Headroid1 – a face tracking robot head

The video below introduces Headroid1, this face-tracking robot will grow into a larger system that can follow people’s faces, detect emotions and react to engage with the visitor.

The above system uses openCV’s face detection (using the Python bindings and facedetect.py) to figure out whether the face is in the centre of the screen, if the camera needs to move it then talks via pySerial to BotBuilder‘s ServoBoard to pan or tilt the camera until the face is back in the centre of the screen.

Update – see Building A Face Tracking Robot In An Afternoon for full details to build your own Headroid1.

Headroid is pretty good at tracking faces as long as there’s no glare, he can see people from 1 foot up to about 8 feet from the camera. He moves at different speeds depending on your distance from the centre of the screen and stops with a stable picture when you’re back at the centre of his attention. The smile/frown detector which will follow will add another layer of behaviour.

Heather (founder of Silicon Beach Training) used Headroid1 (called Robocam in her video) at Likemind coffee this morning, she’s written up the event:

Andy White (@doctorpod) also did a quick 2 minute MP3 interview with me via audioboo.

Later over coffee Danny Hope and I discussed (with Headroid looking on) some ideas for tracking people, watching for attention, monitoring for frustration and concentration and generally playing with ways people might interact with this little chap:

The above was built in collaboration with BuildBrighton, there’s some discussion about it in this thread. The camera is a Philips SPC900NC which works using macam on my Mac (and runs on Linux and Win too). The ServoBoard has a super-simple interface – you send it commands like ’90a’ (turn servo A to 90 degress) as text and ‘it just works’ – it makes interactive testing a doddle.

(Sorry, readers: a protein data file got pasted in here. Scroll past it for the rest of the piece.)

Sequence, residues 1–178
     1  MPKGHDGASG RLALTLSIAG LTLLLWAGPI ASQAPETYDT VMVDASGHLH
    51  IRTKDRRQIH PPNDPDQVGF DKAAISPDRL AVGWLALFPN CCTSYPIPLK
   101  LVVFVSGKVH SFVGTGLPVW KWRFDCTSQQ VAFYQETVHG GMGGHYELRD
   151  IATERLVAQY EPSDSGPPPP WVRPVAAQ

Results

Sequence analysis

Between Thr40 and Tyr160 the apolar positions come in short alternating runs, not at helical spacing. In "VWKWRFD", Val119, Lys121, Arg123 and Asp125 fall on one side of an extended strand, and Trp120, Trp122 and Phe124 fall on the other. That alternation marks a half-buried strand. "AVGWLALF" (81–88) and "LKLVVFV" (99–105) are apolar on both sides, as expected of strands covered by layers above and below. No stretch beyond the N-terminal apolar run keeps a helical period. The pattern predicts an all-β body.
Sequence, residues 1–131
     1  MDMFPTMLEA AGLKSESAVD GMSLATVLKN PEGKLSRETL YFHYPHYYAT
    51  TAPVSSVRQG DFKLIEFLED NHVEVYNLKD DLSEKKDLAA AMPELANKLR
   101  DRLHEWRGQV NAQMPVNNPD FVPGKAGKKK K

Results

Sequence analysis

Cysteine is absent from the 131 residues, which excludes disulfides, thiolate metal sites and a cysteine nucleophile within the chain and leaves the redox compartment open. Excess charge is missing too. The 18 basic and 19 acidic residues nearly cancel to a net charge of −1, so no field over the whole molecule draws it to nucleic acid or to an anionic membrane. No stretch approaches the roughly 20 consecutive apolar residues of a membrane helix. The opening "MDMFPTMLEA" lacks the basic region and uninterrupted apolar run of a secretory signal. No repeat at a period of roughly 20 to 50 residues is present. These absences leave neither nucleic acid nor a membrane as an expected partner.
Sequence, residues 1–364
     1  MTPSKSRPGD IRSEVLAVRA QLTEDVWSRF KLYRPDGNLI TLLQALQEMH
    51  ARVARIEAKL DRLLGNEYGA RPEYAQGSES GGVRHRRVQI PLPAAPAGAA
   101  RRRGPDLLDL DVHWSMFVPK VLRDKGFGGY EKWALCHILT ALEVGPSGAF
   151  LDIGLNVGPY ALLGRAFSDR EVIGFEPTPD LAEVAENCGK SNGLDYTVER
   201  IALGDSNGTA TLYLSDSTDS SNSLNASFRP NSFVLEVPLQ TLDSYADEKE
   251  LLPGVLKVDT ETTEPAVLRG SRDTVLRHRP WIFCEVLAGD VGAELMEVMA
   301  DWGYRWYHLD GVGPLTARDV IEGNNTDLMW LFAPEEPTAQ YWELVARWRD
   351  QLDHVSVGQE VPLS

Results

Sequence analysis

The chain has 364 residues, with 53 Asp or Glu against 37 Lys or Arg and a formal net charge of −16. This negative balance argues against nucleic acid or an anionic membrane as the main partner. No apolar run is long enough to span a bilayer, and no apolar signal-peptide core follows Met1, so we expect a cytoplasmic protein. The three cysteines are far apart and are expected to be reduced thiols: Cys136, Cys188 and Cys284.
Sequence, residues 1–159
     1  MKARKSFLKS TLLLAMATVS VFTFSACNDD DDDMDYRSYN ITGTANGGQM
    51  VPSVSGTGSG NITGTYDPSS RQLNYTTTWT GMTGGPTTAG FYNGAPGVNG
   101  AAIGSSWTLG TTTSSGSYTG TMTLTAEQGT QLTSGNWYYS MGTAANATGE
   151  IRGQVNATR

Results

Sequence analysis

Update – the blog for the A.I. Cookbook is now active, more A.I. and robot updates will occur there.

Reference material:

The following should help you move forwards:

Ian is a Chief Interim Data Scientist via his Mor Consulting. Sign-up for Data Science tutorials in London and to hear about his data science thoughts and jobs. He lives in London, is walked by his high energy Springer Spaniel and is a consumer of fine coffees.


  • Wow - that works great! Great stuff Ian.
  • Awww, thanks, I did have a silly grin when I got it working - it only took a few hours of hacking on the Python side. The smile detector will be a bit more work but looks eminently do-able.
  • Looks like there's a longer video over here: http://www.youtube.com/watch?v=IJgV_P1YFjQ
  • Much obliged John, post updated.
  • dave
    You made that thing amazingly fast Ian. What most readers probably won't realise is that 2 weeks ago this was an idea, and Ian has a day job.
  • It took 2 hours for the first software (after compiling openCV with Python bindings) and another 2 hours of tuning (for variable speeds and 2-axis control). I'll post the recipe to http://blog.aicookbook.com/ shortly (be warned that the A.I.Cookbook site is 24 hours old and empty at present!).
  • Ian, that's really great. Also slightly sinister!
  • Luka
    Hi Ian, can this be turned into a stand-alone device, without the PC? please contact me, Luka
  • Hello. I have an arduino with servos on the pwm pin 9 and 10. Can any one help in the arduino code to read the serial data and move servos. It can be suedo that works with http://aicookbook.com/wiki/Headroid1 code. thanks.